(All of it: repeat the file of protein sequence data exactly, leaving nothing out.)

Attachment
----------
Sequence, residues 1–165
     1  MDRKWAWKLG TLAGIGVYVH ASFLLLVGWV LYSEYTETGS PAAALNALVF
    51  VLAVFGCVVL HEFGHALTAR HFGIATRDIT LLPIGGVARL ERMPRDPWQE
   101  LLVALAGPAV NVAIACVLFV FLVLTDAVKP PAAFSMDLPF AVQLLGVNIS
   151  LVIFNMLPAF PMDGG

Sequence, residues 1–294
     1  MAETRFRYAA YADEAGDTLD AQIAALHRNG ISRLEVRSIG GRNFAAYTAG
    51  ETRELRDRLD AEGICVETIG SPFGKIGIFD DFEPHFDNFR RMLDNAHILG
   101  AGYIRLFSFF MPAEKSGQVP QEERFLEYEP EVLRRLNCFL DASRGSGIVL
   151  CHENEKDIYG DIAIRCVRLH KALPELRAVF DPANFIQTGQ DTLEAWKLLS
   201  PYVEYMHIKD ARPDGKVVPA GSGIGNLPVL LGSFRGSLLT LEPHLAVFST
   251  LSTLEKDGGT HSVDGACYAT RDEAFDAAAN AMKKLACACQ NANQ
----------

Sequence, residues 1–165
     1  MDRKWAWKLG TLAGIGVYVH ASFLLLVGWV LYSEYTETGS PAAALNALVF
    51  VLAVFGCVVL HEFGHALTAR HFGIATRDIT LLPIGGVARL ERMPRDPWQE
   101  LLVALAGPAV NVAIACVLFV FLVLTDAVKP PAAFSMDLPF AVQLLGVNIS
   151  LVIFNMLPAF PMDGG

Sequence, residues 1–294
     1  MAETRFRYAA YADEAGDTLD AQIAALHRNG ISRLEVRSIG GRNFAAYTAG
    51  ETRELRDRLD AEGICVETIG SPFGKIGIFD DFEPHFDNFR RMLDNAHILG
   101  AGYIRLFSFF MPAEKSGQVP QEERFLEYEP EVLRRLNCFL DASRGSGIVL
   151  CHENEKDIYG DIAIRCVRLH KALPELRAVF DPANFIQTGQ DTLEAWKLLS
   201  PYVEYMHIKD ARPDGKVVPA GSGIGNLPVL LGSFRGSLLT LEPHLAVFST
   251  LSTLEKDGGT HSVDGACYAT RDEAFDAAAN AMKKLACACQ NANQ